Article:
This model has ECU, actually there are two of them. One is mounted on the top of the
air-flow meter and has aluminum casing (with Jetronic label): this is responsible for controlling
the fuel injectors.
The second one is mounted on the bulkhead, near the heating box. It has a black plastic
case, and it's responsible for the RPM dependent ignition advance correction.
I don't know the history (e.g: the car was unused for a long period,
or the problem arised after some repair, or arised suddenly), so
here are some general thoughts about the problem.
Backfire into the manifold may caused by the following:
- too lean mixture
- incorrect igniton advance
- incorrect firing order
Too lean mixture:
- some of the electroinjector valves are stuck: you can measure resistance across
the injector valve terminals,but the injector valve(s) won't open then voltage is applied
- inadequate fuel pressure: worn fuel pump and/or clogged fuel filter, defective
fuel pressure regulator
- the injection control unit not getting RPM signal from the igniton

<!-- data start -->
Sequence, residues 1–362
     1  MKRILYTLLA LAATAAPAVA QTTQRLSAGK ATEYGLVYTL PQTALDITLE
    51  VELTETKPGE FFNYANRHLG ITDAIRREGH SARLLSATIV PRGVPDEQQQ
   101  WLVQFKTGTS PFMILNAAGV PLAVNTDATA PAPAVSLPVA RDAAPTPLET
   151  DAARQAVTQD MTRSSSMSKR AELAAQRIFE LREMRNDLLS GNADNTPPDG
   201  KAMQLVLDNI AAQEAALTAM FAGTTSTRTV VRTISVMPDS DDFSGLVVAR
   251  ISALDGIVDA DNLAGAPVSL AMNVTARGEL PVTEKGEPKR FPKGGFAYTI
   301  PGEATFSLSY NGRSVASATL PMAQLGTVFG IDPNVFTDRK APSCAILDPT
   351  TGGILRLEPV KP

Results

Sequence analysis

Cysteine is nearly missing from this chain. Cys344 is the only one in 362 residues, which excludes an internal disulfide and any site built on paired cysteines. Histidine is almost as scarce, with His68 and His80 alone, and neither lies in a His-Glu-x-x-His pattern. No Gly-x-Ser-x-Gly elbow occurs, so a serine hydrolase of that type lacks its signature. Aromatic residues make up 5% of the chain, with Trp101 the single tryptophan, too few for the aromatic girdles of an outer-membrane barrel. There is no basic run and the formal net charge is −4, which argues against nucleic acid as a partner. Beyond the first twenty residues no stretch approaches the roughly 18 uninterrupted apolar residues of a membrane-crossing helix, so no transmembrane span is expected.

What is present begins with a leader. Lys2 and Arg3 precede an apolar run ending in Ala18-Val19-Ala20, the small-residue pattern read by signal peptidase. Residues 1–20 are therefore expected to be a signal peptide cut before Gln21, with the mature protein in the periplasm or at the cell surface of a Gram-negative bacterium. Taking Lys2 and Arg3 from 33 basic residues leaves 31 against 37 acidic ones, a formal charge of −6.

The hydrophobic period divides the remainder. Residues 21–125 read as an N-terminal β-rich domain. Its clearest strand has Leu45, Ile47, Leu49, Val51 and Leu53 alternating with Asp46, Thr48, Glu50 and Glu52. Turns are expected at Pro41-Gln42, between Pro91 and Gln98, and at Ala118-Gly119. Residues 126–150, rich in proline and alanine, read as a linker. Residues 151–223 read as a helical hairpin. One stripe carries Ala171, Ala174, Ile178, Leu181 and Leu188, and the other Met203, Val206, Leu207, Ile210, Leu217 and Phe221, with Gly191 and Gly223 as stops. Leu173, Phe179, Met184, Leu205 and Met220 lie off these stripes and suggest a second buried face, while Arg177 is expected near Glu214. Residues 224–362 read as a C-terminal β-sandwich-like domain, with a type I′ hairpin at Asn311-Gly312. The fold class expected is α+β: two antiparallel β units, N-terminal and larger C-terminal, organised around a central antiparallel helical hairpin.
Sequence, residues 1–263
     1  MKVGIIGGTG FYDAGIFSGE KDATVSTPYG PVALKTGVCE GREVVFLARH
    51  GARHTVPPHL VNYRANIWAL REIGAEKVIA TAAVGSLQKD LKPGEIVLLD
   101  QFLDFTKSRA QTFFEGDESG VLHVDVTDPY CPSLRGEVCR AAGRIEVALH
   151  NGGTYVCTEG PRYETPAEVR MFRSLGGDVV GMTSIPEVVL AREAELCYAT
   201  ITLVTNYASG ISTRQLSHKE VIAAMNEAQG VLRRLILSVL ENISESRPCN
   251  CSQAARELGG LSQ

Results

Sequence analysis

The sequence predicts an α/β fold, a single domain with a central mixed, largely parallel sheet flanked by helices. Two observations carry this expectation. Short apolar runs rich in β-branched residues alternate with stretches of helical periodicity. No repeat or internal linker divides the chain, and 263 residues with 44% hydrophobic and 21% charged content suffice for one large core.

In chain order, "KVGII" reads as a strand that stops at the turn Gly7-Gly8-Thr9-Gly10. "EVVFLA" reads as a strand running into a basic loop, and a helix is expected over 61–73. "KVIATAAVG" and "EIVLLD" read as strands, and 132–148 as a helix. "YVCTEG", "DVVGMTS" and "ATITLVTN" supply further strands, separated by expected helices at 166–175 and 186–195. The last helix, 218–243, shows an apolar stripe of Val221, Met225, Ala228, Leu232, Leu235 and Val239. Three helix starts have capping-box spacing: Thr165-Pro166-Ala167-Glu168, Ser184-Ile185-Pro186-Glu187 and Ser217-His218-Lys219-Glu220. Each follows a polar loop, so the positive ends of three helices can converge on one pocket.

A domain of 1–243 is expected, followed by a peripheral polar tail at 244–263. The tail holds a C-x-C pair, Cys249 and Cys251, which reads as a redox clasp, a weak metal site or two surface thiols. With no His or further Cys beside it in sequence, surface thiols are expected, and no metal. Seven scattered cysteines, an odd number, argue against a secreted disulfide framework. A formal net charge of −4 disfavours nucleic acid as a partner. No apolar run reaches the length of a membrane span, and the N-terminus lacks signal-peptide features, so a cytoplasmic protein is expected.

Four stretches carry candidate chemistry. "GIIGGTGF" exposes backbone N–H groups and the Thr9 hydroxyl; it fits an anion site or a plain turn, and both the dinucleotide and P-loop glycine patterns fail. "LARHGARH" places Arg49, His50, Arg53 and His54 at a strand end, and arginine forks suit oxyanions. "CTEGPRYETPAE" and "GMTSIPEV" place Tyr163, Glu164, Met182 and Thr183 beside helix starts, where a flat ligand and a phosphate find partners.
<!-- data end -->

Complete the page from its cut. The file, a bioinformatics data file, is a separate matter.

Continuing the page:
coil terminal "1" (no injection at all), or the injection controller is defective
- old fuel in the tank
Incorrect ignition advance:
- the sparks are generated too late (after the TDC): incorrect basic advance setting.
e.g.: this might caused by the loosened, or wrongly aligned distributor
- failure of the RPM dependent ignition advance controller unit
Incorrect firing order:
- the ignition leads are mixed up
- if the oil pump was removed recently, it might not inserted back correctly: the pump
shaft is not aligned well during reassembling, causing the rotor to point to the wrong
segment in the distributor cap
I hope this might help.